Photography as a media form expresses and transmits information to the viewers through decodable messages Evans & Hall (1999). Pictures speak volume and disseminate much information and reaction that differs from one observer to another. People's thoughts and behavior directly affects perception, thereby suggesting the possibility of culture and psychological base in picture interpretation. According to Clarke (1997), photographs both mirrors and creates a discourse with the world, and is never, despite its often-passive way with things, a neutral representation.
As viewers observe a photo, it sparks different interpretations and beliefs depending on the culture and ideological differences. Images speak louder in their visual language and disseminate information relating to particular occurrences. Photographs lack neutral representation as viewers have varied interpretation and feelings depending on their cultural and ideological differences.
The image of a Jewish woman defying Israeli security forces in the illegal settler’s eviction in West Bank offers a practical explanation of Clarke’s statement. A look at the photo shows a lone woman standing in the way of soldiers in full riot gear who remains undeterred by their sight. Further, the woman in the picture halts their track preventing them from carrying out the intended eviction action. To the eyes of some observers, the image demonstrates defiance to what is perceived as unjust removal by the government forces.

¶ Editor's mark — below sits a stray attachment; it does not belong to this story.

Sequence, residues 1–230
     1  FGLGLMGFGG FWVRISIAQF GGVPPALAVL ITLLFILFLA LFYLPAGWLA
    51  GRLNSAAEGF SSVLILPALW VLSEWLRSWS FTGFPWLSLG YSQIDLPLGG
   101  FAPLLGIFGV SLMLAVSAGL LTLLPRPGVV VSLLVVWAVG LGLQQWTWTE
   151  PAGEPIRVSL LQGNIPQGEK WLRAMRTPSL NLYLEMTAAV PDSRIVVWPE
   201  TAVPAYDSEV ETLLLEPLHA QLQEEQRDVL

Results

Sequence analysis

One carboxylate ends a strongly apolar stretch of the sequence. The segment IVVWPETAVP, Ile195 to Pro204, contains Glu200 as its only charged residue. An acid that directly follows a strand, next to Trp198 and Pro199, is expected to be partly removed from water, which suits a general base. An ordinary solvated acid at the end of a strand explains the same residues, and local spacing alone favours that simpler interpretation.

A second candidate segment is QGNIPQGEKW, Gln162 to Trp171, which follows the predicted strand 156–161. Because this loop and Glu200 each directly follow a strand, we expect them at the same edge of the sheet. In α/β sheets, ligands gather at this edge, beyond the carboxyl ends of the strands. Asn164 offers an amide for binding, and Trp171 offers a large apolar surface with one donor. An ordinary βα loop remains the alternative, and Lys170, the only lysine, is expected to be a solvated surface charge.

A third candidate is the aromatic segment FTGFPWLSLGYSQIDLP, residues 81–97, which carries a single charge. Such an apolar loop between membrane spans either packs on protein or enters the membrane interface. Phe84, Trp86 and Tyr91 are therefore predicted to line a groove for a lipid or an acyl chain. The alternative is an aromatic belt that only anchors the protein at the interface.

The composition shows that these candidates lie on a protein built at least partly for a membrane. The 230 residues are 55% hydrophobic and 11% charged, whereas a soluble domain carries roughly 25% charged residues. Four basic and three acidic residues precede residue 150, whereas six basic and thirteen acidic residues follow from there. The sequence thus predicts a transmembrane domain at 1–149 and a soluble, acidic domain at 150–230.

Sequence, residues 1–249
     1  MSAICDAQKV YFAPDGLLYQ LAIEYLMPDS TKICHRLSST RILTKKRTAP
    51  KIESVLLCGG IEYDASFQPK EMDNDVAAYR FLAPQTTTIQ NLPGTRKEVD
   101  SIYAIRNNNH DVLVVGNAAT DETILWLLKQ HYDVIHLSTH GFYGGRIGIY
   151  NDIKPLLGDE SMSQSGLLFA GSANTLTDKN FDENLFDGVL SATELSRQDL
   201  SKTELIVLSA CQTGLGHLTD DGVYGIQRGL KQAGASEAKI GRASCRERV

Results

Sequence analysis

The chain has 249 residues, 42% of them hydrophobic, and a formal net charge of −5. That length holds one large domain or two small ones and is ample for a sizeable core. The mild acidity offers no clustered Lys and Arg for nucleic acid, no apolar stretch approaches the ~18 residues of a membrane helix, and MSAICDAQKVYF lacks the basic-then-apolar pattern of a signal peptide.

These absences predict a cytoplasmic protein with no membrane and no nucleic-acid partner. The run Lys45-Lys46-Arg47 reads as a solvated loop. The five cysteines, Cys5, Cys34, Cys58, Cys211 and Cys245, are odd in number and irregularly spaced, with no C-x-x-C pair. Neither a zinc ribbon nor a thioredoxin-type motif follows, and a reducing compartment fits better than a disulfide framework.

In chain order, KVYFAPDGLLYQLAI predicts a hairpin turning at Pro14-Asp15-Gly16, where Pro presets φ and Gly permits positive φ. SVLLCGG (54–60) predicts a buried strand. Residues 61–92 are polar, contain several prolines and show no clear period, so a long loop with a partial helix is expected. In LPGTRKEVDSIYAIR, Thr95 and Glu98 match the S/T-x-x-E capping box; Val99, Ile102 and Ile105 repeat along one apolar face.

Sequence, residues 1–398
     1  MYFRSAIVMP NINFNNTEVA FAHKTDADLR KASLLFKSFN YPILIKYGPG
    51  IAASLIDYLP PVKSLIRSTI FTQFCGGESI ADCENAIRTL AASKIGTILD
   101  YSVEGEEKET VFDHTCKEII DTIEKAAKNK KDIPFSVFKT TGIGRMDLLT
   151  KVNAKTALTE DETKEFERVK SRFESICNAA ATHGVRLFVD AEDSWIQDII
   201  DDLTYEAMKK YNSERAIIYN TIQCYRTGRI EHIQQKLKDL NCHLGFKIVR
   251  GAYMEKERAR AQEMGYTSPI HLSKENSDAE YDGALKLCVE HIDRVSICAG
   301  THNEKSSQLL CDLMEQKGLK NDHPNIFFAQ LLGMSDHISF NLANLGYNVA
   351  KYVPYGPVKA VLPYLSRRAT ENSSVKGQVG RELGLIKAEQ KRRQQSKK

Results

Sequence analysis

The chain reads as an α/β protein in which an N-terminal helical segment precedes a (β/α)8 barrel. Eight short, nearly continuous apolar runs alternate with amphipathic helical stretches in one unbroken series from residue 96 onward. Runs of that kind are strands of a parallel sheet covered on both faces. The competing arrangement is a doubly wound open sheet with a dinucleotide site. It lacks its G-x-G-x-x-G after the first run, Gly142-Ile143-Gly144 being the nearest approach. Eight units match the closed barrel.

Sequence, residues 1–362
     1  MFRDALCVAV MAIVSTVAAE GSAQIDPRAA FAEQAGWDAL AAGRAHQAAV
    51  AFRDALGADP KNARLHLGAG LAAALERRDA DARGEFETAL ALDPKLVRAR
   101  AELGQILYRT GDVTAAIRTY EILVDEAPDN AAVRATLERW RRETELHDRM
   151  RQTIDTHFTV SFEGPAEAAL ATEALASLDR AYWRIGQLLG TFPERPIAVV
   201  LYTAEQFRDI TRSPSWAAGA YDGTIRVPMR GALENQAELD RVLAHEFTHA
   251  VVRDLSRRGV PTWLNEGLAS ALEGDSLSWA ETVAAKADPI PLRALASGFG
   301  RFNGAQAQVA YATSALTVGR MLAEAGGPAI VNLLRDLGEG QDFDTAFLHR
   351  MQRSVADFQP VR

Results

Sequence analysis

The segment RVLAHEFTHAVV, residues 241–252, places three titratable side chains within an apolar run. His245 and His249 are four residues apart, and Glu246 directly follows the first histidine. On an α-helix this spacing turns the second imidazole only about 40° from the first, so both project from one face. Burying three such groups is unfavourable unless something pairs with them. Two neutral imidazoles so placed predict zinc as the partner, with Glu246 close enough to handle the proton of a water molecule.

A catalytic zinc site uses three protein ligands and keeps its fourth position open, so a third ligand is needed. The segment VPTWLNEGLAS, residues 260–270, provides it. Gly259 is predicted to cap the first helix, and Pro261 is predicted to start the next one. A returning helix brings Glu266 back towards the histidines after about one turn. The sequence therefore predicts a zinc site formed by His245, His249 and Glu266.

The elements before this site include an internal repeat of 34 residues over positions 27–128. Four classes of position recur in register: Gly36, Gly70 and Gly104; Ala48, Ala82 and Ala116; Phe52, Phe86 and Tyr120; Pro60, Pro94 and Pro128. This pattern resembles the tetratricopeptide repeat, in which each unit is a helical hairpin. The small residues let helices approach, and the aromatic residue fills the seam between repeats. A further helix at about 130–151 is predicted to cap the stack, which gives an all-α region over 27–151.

At the same time, the image of a composed lady ready for protest regardless of the overwhelming number of officers explains a valid reason for defense against the action. In most cultures, women stand to defend the society and are in most cases not supposed to be harmed. The image shows the reluctant officers who consider the fact and try to calm down to avoid causing harm. Towards the top, a crowd of people is seen gazing at the woman in protest against the eviction thereby emanating a feeling of compassion among viewers.
In drawing Judgment from the nature of the image, the situation is dramatic with the soldiers charging towards the woman who holds them back. It is unknown what might be the next move for the law enforcers should the woman continue insisting on blocking their mission. The state evokes different emotional responses from the viewers, who might give sympathy to the woman in the presence of the soldiers. At the same time, the photo creates a tense image between the two parties involving the heavily armed soldiers ready for eviction and the woman in protest.
On the other hand, some might find justification for the soldiers to carry out the eviction based on the reasons underlying the same. In this case, it is evident that pictures bear different responses and evokes conversations, which might fail in similarity due to ideological differences on the matter at hand (Rayner, Wall, and Kruger, 2004). Therefore, the image offers non-uniform representation with viewers deriving a different meaning from the picture.
While images evoke dialogues and debates from viewers, the information decoded remains different from one person to another (Lester, 2014). While others may sympathize with the woman opposed to the effects of eviction, others, due to ideological and cultural considerations would find opposing views from the case. In essence, there is so much in the photo for the viewers to find meaning and connect the event. The photograph, therefore, provides a justification for the fact that images create a discourse with the world but do not offer a neutral representation. Clarke is right on his view on photography and its lack of uniform representation to the public for ideological reasons.
Evans, J., & Hall, S. (1999). Visual culture: The reader. Sage.
Graham Clarke (1997): The Photograph. Oxford: Oxford University Press, pp. 27-33
Lester, P. M. (2014). Visual Communication: Images with messages, Sixth Edition, International Edition. USA: Wadsworth, Cengage Learning.
Rayner, P., Wall, P., & Kruger, S. (2004). AS media studies: the essential introduction.Psychology Press